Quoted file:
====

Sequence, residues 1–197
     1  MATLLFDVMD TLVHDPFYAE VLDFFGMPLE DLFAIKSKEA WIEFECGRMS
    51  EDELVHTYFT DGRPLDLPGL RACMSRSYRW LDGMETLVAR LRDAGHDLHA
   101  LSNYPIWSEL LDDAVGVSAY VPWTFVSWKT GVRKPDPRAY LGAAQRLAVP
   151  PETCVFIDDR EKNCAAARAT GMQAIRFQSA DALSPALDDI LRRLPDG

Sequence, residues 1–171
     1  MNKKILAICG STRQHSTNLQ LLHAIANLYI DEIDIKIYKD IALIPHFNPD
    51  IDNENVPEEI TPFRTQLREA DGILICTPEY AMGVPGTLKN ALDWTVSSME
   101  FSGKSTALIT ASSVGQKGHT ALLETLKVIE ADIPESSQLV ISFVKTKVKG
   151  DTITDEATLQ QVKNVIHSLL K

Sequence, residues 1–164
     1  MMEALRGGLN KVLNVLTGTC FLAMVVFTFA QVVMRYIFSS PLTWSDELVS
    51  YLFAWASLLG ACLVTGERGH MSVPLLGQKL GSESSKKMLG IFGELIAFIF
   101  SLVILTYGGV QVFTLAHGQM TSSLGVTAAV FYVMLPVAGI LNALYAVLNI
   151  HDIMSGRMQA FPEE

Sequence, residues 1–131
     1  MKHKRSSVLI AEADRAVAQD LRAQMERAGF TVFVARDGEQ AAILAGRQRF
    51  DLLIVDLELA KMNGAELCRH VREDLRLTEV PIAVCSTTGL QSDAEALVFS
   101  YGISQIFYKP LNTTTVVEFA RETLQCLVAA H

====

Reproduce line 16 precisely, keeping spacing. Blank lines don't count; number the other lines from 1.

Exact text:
Sequence, residues 1–131